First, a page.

Why are cows so harsh on the climate? The same reason Auntie Flora doesn't get invited to parties: Because they belch and fart so damned much. Only the FAO doesn't say it like that. Rather, it blames the "enteric fermentation" of cattle and the methane that bovine rumination produces for 39 percent of the livestock industry's emissions.

Read more: Climate & Energy, Food


Feds to frackers: “No, please — let us help you find a place to dump your wastewater”

Fracking protest
Bill Baker
Good call.

The Northeast's fracking boom has left drillers with millions and millions of barrels of wastewater and nowhere to dump it. Some frackers have simply injected into deep wells, causing earthquakes; others have simply allowed their waste to flow into rivers.

Big government to the rescue: The Department of Energy will fund a $1.8 million, two-year project by Battelle that aims to find somewhere to stash that gross dross for an eternity. From the Columbus Dispatch:

With more drilling and fracking expected, oil and gas companies will need to find the best locations to safely inject more waste, said Neeraj Gupta, senior research leader for Battelle’s subsurface-resources group.

“That’s one of our objectives. Where is the injection capacity?” Gupta said.


Wacky jet stream to blame for wild North American weather

A lot of wild weather has afflicted North America this year: deluges in Colorado and Alberta, a heatwave in Alaska, and bitter cold in Florida. But there's a high-altitude link between each of these unusual events which itself might be tied to climate change: erratic behavior by the polar jet stream.


This famous current of air zips eastward at high altitudes from the continent's West, normally passing over North America somewhere near Seattle. It is one of two jet streams in the Northern Hemisphere -- the other being the subtropical jet stream. Together, these powerful currents have long held weather patterns in their normal places, one year after another. But something weird is going on up there.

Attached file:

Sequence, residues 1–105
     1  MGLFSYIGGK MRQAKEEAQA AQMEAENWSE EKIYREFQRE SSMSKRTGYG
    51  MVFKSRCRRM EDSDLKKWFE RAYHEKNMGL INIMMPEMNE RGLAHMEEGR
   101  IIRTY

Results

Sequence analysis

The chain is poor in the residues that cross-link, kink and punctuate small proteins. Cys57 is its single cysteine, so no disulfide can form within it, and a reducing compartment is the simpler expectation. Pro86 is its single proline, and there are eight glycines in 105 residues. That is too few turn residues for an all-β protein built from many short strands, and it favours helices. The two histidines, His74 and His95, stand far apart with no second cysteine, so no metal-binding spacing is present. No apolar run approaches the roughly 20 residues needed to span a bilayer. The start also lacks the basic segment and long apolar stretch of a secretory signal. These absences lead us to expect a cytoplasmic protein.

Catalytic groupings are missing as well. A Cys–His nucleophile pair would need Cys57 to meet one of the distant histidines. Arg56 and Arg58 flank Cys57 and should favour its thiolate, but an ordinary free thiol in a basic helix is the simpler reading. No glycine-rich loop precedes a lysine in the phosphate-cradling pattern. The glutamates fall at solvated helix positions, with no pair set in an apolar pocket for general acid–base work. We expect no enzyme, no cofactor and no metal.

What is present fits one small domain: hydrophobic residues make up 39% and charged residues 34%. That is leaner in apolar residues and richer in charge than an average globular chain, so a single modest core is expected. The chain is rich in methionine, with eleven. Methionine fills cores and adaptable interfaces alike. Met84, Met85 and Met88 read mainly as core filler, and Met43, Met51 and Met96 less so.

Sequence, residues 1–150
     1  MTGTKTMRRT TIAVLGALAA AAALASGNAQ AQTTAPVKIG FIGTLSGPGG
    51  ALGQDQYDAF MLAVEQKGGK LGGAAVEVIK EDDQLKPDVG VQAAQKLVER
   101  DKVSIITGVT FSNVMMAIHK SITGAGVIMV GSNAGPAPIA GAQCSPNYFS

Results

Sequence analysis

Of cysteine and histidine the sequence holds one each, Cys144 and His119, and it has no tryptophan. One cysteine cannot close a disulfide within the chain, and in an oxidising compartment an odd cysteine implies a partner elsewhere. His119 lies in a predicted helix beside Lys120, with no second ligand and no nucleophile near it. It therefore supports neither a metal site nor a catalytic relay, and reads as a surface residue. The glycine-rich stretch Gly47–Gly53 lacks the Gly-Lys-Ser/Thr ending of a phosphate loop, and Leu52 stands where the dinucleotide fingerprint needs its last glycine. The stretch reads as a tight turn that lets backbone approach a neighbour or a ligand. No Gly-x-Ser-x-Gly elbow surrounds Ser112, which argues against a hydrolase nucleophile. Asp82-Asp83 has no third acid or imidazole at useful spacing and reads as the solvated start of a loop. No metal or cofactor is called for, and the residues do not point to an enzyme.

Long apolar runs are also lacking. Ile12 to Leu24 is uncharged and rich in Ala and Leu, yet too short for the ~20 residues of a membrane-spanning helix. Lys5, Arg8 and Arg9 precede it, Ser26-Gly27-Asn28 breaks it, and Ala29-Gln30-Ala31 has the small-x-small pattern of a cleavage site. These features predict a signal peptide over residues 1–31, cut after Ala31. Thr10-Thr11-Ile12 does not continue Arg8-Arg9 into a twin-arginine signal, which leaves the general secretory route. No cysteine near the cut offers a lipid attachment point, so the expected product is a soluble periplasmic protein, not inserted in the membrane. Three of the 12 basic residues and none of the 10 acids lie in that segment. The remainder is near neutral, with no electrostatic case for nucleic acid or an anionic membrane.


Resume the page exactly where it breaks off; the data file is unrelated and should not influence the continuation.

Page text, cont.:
Storm clouds
Vagabond Shutterbug
Storm clouds over Denver, Colo., Sept. 14.

The normally direct polar jet stream has been swinging wildly this summer, dipping north and south like the line graph on a U.S. jobs report. At times it splits in two. From Popular Mechanics:

The jet stream is a year-round feature of our atmosphere, but the double jet stream phenomenon is more common in winter. When it shows up in the summer, watch out.

Read more: Climate & Energy


Aussies open wallets to save climate advisers from new prime minister

Down Under is going back in time.

Tony Abbott, Australia's new climate-denying prime minister, is wasting no time in driving the country backwards on environmental policy -- in a metaphorical diesel-chugging logging truck.

But his draconian climate policies don't appear to be as popular with big business as he'd hoped, and a climate advisory body he tried to kill may come back even stronger, thanks to some of his more enlightened countrymen and women.

Within his first few weeks on the job, Abbott scrapped top-level ministerial jobs that separately oversaw science and climate change policy and dismantled a government climate change commission. He wants to remove some of the world's tallest forests from the list of World Heritage areas, potentially opening up hundreds of thousands of pristine acres for mining and logging. And he has promised to eradicate the country's carbon tax.

Amid this carnage, horrified Aussies have begun donating to fund the Climate Commission to keep it operating as a nonprofit. From a story posted Wednesday on the online news site Crikey:

The commission has been reborn as the Climate Council and is now funded by public donations. It had raised $420,000 from 8500 donors as of 9am today (the website only opened to donations 33 hours previously). This should fund the Climate Council for at least six months, probably longer.

So it’s a goer financially.